Tuesday, January 31, 2017

roosters for chinese new year

The drawing class last week focused on roosters since Chinese New Year was being celebrated the next day.

Each student chose a reference picture of their choice. They also made their own decisions on how they would compose their image on the paper.

8 year old

After a couple of warm up exercises using their reference material as a guide, we got started on the final drawings.

First using a water-soluble pencil, each student found the outside line shape that made up their image and put it on paper. They then went over the lines with a bit of water to start to create value.

6 year old

My goal this class was to focus on line and how it can be used to create texture and interest in an artwork. So after they went over their first lines with water, each artist could then choose to either use the water-soluble pencil again over the damp paper (creating some very ink like lines) or change to graphite to start adding detail lines.

10 year old

Once they had added a bit more detail to their first drawing, we stopped and looked for pattern of lines in the reference image and then each student interpreted their observations how they saw fit into their drawings.

11 year old

And finally because one student asked if we would only ever do drawings in black and white last week, I put out some chalk pastel so each child could add a little color.

By the end of class, each student had a lovely complex drawing focused on line and pattern.

Happy New Year!!!

Monday, January 30, 2017

emotion jugs

I have been mulling around clay project ideas for the after school elementary class since the fall.

I am an Art Docent at the Vancouver Art Gallery and while there one week found I had some extra time, so myself and another docent walked through one of the exhibits.  The Juxtapoz x Superflat  exhibit is not one we are touring school groups through, so thought it would be fun to have a look around. I came across the works of artist Rebecca Morgan and immediately thought her artwork could inspire a great project to share with the kids in the studio.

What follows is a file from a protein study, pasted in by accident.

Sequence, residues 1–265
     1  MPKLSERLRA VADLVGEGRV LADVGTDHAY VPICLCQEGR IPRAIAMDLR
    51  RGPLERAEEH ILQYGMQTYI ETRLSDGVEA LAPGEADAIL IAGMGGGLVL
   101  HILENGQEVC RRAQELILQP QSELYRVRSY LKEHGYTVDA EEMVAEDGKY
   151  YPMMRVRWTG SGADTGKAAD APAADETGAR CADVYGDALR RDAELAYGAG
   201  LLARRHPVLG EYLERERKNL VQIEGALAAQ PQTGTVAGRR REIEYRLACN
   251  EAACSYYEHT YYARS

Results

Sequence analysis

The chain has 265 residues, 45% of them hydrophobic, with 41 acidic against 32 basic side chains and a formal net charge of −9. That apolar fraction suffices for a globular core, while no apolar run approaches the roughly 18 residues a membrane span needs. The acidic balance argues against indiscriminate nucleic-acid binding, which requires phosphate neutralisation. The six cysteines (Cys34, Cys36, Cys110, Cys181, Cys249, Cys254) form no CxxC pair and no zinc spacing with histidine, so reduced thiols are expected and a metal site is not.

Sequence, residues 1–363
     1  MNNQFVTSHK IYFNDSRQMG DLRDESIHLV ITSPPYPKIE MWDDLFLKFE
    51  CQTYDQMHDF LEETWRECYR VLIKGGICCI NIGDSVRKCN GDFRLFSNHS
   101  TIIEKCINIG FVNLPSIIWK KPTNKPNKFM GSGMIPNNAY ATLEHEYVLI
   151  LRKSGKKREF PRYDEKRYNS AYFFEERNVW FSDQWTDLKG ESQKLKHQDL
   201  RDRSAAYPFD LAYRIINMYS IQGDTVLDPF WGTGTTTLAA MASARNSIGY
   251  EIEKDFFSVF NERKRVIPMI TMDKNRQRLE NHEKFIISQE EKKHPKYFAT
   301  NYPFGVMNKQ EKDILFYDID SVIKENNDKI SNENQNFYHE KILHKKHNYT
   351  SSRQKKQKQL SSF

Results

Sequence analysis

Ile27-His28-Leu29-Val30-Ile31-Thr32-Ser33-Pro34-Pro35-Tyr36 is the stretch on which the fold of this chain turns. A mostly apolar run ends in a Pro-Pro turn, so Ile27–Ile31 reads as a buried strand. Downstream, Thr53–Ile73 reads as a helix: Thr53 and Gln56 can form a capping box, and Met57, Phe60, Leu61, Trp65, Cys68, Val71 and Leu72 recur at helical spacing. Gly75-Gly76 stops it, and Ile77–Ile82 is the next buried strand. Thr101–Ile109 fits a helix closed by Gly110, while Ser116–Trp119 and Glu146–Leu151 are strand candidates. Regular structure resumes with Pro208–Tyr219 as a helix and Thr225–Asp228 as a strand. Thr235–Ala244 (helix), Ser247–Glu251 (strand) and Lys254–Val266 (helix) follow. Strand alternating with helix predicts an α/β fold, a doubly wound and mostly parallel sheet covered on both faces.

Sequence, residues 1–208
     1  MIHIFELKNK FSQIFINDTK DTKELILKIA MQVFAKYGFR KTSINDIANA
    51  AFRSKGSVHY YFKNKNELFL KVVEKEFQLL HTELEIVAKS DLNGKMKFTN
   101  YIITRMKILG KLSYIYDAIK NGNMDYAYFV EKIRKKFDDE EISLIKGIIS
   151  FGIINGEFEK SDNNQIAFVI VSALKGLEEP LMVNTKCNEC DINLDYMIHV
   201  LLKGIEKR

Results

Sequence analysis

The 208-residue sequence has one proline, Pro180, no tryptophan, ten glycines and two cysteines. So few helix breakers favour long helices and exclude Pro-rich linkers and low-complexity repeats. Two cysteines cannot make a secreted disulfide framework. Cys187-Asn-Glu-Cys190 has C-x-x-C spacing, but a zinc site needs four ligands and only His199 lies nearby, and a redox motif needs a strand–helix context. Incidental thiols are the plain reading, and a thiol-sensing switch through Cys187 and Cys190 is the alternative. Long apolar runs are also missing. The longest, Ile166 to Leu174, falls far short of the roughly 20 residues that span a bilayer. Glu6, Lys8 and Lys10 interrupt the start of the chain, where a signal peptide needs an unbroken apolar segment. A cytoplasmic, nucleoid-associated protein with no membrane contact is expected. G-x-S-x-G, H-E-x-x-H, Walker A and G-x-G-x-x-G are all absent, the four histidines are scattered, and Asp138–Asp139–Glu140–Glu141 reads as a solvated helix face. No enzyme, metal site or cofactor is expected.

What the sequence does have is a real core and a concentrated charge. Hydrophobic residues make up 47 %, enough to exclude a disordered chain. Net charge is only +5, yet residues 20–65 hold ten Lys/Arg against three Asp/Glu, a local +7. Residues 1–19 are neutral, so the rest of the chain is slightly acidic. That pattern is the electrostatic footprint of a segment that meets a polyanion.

Rebecca Morgan at Vancouver Art Gallery

I have been wanting to create a clay project that would allow the kids to explore creating a pot either using a coil or pinch pot method. The idea of also having them explore creating faces on the pots seemed perfect. Then I remembered how fascinated I was with Rembrandt's tronies, practice renderings of facial expressions, while visiting Amsterdam. It also has been on my "to do" list of projects for quite some time and seemed like a great addition to this project idea.

So after introducing artist Rebecca Morgan to the students and looking at several of her pottery sculptures ( I first wrote, "looking at her jugs" which somehow seemed off when talking about kids....), the students shouted out all the different emotions that came to mind.

I loved how Rebecca Morgan's work boosted the confidence of the children. Her work inspired a sense of silliness that the kids were eager to explore. Her work was also a great introduction on how to use texture to create interest in artwork.

goofy, 8 year old

One day I will have a kiln, but for now all clay work in the studio is done with air dry or oven baked clay. This project was done with air dry clay. The students created their sculptures the first week and then the following week painted the dried clay with acrylic paints which were then sealed with a high gloss varnish.

happy, 6 year old

Before the students began painting, we talked about how color can also be used to define emotion. The students brainstormed for several minutes about what colors might define certain emotions. Then they got to work painting their pots.

crazy, 7 year old

Of course it did not take very long in the creative process before several of the children asked if they could create animals. 

happy cat, 8 year old

awed mouse, 8 year old

bewildered bear, 8 year old